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Surface and Drainage. The country is divided between the lowlands in the northwest and a large tableland which covers the southeastern half, and on the south and southeast borders the slopes of the Pyrenees and Alps. The tableland rises in its highest parts from 3,000 to 4,000 feet, with deep river-valleys and mountain-chains, reaching 5,000 or 6,000 feet in height. The plain slopes toward the Rhône and the Mediterranean, fringed by the Cevennes Mountains, the highest peak being Mont Mezenc (5,754 feet). This chain of mountains separates two widely different regions: the fertile, sunny and warm plains of the Rhône and Languedoc and the plains of the Rouergue, dreary, cold and high, where only rye grows and flocks of sheep find rich grazing-grounds. Central France is the highest part of this tableland, a region of granite, gneisses and slates, with many extinct volcanic cones surrounded by wide sheets of lava. Puy-de-Saucy, 6,188 feet, is the highest peak of the Auvergne Mountains in central France. Besides the Cevennes, the mountain-ranges include the Pyrenees, the Vosges, the Jura and the Alps. The Pyrenees separate France from Spain, extending 260 miles, the highest peak, Néthou, being 11,168 feet high. The passes across the Pyrenees are few, lofty and difficult, the lowest being 6,700 feet high, so that railroads hug the seacoasts or stop at the foot of the mountains. The Vosges and Jura Mountains and the Alps are on the eastern border. Since 1860, with the annexation of Savoy, the northern slopes of Mont Blanc, the highest and most beautiful mountain in Europe, are in French territory. The passes of Mont Cenis and Mont Genevre lead into Italy, as does also the famous Mont Cenis tunnel. The largest rivers are the Loire, 670 miles long, the Garonne (346), Dordogne (305), the Seine (485), and the Rhone (507). The island of Corsica is the only large island on the French coast belonging to France.
Natural Resources. Owing to its long coast-line of 1,760 miles the fisheries are of great importance. The country is deficient in minerals; iron and coal are imported in large quantities, though it has excellent quarries of stone.
Agriculture. Three fourths of the people live in the country and one fourth in the cities. Half of the people live by agriculture. The products are wheat, oats, rye, barley, buckwheat and corn; beetroots grown for sugar cover half a million acres; while market-gardening has been carried to great perfection, reaching often from $300 to $900 an acre in the value of the crop. Cattle-breeding, raising horses and mules and sheep-rearing are large industries.
Manufactures. In manufactures France is progressing rapidly. It has nearly 150,000 factories, employing 2,000,000 people. France holds the first rank in silk-manufacture; and is about equal to Germany in the manufacture of cotton-goods, though below Great Britain and the United States. All industries connected with furniture, dress and articles of luxury are active, and show the artistic taste for which the people are noted. Valenciennes, Chantilly and Alenjon laces, Sevres and Limoges porcelain and Aubusson carpets are examples of the productions of this class, while in the manufacture of jewelry few places in the world can rival Paris. It also is the greatest book-market in the world.
Revenues and Commerce. The revenues of France in 1911 were 4,386 million francs, and its expenditures nearly equalled this sum. Commerce is carried on by 15,878 sailing-vessels of 638,265 tons, with crews of 72,968 men; there also are 1,670 steamers of 806,073 tons and crews numbering 16,558. Much internal commerce is conducted via the rivers, canals and railways. These canals connect the natural waterways and thus establish easy communication through the interior as well as between the Atlantic and the Mediterranean. There are 30,709 miles of railway and 113,332 of telegraph lines.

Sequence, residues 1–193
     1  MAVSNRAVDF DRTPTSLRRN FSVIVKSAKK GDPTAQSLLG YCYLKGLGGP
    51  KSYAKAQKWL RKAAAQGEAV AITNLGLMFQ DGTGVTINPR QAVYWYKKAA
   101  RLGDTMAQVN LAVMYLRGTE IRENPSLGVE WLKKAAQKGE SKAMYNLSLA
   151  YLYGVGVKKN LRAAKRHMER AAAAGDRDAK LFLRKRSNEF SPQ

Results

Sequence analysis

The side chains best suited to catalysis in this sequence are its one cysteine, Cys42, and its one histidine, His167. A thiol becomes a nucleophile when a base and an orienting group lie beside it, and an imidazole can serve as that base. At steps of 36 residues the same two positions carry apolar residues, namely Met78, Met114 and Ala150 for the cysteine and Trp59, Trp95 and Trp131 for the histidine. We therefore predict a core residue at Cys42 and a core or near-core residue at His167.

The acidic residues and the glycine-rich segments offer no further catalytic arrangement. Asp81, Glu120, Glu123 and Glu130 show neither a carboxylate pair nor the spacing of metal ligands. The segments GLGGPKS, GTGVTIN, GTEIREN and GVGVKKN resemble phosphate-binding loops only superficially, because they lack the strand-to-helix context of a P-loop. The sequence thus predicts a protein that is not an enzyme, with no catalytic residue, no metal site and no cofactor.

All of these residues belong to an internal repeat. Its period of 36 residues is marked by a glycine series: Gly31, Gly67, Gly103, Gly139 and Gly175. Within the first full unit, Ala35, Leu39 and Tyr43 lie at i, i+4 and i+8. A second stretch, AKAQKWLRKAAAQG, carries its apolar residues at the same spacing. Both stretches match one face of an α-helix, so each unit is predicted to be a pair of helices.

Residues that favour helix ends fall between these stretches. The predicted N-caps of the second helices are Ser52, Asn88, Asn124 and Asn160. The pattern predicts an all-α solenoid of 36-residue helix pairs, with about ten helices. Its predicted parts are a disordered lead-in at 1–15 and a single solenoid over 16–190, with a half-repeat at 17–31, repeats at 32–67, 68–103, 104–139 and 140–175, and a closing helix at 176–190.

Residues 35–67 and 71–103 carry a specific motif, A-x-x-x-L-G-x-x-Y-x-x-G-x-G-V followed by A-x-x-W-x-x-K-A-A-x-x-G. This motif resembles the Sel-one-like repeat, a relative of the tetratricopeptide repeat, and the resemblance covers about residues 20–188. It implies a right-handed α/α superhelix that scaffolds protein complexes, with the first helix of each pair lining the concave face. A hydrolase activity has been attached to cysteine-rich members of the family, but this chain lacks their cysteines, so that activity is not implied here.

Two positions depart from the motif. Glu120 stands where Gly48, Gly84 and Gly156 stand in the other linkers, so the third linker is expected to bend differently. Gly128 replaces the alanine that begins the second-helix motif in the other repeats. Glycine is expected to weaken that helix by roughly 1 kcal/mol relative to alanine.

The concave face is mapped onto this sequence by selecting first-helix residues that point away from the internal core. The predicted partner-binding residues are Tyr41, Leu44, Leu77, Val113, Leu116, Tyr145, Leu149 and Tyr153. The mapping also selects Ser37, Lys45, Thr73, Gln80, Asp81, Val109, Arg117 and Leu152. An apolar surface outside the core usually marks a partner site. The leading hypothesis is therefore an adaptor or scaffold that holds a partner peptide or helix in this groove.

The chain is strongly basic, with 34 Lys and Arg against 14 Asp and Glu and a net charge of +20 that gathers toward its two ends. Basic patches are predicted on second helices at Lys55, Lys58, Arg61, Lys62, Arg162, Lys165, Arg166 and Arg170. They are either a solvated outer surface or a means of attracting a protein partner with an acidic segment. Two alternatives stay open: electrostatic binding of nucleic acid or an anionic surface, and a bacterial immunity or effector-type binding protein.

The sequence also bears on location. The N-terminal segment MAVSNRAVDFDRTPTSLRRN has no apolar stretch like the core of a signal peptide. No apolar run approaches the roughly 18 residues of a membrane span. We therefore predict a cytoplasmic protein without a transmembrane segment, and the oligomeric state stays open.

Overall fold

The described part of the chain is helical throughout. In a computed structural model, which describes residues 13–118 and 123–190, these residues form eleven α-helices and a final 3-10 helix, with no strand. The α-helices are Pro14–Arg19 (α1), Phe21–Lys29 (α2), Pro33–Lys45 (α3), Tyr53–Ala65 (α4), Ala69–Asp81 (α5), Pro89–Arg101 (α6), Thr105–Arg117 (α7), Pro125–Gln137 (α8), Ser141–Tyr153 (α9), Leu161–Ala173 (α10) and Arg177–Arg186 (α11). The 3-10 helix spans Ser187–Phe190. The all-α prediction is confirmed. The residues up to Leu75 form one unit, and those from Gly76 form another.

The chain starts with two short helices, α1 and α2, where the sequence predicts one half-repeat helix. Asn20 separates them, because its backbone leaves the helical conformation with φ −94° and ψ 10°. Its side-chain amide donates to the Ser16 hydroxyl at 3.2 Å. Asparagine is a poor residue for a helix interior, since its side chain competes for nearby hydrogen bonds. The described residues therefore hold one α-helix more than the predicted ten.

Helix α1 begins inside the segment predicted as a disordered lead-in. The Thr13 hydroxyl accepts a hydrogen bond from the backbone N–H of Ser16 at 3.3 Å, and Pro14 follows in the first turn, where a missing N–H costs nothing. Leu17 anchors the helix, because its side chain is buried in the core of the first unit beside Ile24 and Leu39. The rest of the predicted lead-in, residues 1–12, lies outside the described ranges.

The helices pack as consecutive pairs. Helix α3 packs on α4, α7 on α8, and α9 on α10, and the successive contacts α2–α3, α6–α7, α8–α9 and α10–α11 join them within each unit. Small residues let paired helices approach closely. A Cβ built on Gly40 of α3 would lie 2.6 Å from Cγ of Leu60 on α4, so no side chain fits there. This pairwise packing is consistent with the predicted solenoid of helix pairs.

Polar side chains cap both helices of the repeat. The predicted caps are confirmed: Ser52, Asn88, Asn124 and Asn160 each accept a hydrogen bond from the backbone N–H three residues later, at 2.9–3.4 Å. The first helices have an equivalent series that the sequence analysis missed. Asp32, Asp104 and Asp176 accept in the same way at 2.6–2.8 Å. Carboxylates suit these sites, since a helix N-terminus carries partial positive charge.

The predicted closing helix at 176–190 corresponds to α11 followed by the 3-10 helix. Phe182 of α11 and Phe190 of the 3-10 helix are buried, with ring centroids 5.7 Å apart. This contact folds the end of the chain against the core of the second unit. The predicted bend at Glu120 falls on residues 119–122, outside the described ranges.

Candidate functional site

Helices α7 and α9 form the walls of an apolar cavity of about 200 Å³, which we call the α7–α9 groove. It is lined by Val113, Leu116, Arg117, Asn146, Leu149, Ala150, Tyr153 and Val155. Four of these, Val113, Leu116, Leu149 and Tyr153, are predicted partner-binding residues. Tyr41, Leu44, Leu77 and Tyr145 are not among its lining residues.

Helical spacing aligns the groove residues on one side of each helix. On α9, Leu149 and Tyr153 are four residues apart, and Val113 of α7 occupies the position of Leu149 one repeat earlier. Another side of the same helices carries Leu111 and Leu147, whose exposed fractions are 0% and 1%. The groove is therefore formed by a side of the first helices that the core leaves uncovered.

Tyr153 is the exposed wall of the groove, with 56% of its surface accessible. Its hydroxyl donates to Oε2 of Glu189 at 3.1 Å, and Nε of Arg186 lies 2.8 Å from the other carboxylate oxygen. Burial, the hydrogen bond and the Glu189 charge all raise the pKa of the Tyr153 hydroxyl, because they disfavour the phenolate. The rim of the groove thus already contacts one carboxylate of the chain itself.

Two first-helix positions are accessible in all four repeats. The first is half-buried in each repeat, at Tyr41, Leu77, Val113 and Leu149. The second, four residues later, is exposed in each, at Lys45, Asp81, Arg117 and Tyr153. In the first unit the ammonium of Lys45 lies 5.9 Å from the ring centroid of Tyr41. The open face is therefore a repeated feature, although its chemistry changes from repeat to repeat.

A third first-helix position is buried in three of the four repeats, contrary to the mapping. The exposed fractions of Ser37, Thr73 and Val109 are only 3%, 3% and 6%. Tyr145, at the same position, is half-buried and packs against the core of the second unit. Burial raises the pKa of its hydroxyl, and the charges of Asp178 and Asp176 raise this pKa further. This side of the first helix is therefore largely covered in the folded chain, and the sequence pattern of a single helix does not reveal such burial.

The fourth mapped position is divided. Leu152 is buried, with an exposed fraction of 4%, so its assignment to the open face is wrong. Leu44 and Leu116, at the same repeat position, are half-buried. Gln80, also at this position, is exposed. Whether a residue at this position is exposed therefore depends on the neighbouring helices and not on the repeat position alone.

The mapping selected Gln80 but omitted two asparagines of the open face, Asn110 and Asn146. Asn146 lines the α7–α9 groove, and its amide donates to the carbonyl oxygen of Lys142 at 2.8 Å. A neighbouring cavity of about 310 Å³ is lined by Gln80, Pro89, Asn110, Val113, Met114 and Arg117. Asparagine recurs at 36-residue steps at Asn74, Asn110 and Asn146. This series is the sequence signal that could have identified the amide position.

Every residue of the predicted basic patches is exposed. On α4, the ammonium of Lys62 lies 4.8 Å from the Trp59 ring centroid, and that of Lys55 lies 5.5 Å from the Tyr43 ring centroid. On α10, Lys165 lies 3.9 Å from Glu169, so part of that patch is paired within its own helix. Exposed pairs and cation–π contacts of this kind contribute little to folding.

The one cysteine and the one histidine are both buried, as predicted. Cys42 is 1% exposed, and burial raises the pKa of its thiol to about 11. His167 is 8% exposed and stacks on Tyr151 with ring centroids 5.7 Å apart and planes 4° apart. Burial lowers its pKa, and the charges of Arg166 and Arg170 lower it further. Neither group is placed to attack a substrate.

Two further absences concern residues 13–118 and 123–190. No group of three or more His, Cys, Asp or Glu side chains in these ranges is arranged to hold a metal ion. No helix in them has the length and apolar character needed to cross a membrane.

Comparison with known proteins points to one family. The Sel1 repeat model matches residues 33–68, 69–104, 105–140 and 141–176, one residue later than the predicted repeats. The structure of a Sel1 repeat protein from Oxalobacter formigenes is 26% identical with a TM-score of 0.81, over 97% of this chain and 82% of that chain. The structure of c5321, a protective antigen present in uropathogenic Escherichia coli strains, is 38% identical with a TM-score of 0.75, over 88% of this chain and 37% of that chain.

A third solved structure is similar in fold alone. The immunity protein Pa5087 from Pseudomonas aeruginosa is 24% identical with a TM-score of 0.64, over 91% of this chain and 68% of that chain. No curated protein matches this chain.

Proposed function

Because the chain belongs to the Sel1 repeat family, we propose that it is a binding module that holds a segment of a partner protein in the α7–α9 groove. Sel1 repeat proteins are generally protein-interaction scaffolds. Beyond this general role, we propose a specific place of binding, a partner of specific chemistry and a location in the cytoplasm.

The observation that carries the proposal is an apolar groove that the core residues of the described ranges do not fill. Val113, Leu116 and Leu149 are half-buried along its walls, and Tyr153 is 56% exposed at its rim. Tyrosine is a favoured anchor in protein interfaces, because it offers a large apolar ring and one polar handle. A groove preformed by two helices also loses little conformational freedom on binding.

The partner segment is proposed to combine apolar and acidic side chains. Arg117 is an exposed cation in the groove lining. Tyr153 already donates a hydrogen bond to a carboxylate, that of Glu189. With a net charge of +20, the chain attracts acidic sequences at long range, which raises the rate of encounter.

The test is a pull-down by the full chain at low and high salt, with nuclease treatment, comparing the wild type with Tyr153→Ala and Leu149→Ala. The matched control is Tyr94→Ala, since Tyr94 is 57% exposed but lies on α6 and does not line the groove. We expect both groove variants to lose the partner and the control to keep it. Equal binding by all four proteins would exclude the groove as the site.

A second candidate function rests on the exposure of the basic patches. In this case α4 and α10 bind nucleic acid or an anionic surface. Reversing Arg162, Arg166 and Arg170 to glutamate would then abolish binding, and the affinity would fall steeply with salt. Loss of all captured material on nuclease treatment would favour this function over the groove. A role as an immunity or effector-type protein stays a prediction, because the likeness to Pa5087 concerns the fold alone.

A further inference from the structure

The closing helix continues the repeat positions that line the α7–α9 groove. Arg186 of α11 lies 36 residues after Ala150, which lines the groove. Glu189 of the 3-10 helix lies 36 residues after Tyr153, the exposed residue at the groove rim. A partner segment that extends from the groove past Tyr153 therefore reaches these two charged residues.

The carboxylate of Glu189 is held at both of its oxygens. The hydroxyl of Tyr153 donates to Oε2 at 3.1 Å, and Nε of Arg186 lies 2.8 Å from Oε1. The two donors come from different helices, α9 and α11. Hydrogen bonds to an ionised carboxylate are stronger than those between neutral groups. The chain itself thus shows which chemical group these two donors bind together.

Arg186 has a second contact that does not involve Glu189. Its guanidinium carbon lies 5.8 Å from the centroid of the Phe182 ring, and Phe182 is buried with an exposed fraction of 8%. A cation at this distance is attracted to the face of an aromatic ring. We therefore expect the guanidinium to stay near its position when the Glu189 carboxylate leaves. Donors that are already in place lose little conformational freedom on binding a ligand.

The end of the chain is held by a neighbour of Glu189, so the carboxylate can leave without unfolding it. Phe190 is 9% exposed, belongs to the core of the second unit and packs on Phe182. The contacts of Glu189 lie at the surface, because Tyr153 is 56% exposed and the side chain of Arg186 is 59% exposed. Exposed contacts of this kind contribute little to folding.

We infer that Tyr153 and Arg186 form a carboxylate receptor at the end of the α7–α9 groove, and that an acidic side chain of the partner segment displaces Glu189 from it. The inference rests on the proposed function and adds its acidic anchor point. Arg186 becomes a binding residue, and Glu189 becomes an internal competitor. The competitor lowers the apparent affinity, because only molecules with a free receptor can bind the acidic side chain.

Government. The present government is republican. There are a president, elected for seven years, and two nouses, the chamber of deputies with 584 members and the senate, which consists of 300 members, of whom seventy-five hold their seats for life. There are eleven ministers, corresponding to the cabinet-officers of the United States. There are three courts, the civil, criminal and supreme court, the latter called the court of cassation. The unit of the local government is the commune, most of these having less than 1,500 inhabitants. The army in time of peace has 629,500 men, and in time of war, with the active army, a garrison-force and reserves, it comprises nearly two and a half millions of men. Every young man serves, from 20 to 45, either in the active army or in the reserves. The navy, second only to that of Great Britain, consists of 515 vessels, including battleships, armored cruisers, torpedo-boats, submarines, etc., besides those building or completing, about 36 in number. Cherbourg, Brest, Toulon, Roche-fort and L'Orient are fortified naval ports. The population of France is 39,601,509, of whom 1,126,531 are foreigners. The annual increase of population Is slower than in the other chief countries of Europe, owing to the small number of marriages and the small number of children in a family. In 1907 the death-rate was greater than the birth-rate. The French emigrate only in small numbers, and the French colonies have never brought any large revenue to the state. There are, it is estimated, 125,000 French immigrants in the United States.
Political Divisions — Cities. France is divided into eighty-seven provinces or departments. The principal cities are Paris (2,888,110); Lyons (523,796); Marseilles (550,619); Bordeaux (261,678); Lille (217,-804); Toulouse (149,576); Nantes (170,535); St. Etienne (148,656); Le Havre (136,159); and Rouen (124,987).
Education. This is free, and provided by common schools, classical and scientific schools, colleges and universities. Free public instruction commences with infant-schools attended by children from 2 to 6 years of age. Then follow the primary schools, which all children between 6 and 13 are obliged to attend. Next come the superior primary schools; then the Lycées, the latter two being maintained separately for the sexes.
The record for one year estimates the annual cost of maintaining these institutions as, for boy's Lycées 16 million francs for girl's Lycées 3½ million francs. Among other higher institutions of learning maintained by public funds are the College of France and the Museum of Natural History. In Paris is the famous University of Paris, which as early as the i6th century had 12,000 students and now has 15,000 to 18,000 in attendance. There is a naval school at Brest, and there are many schools providing professional and technical education.
See French and English by Hamerton; French Revolution by Carlyle; History of the Girondists by Lamartine; and History of France (for young people) by Charlotte M. Yonge.
The New Student's Reference Work (1914)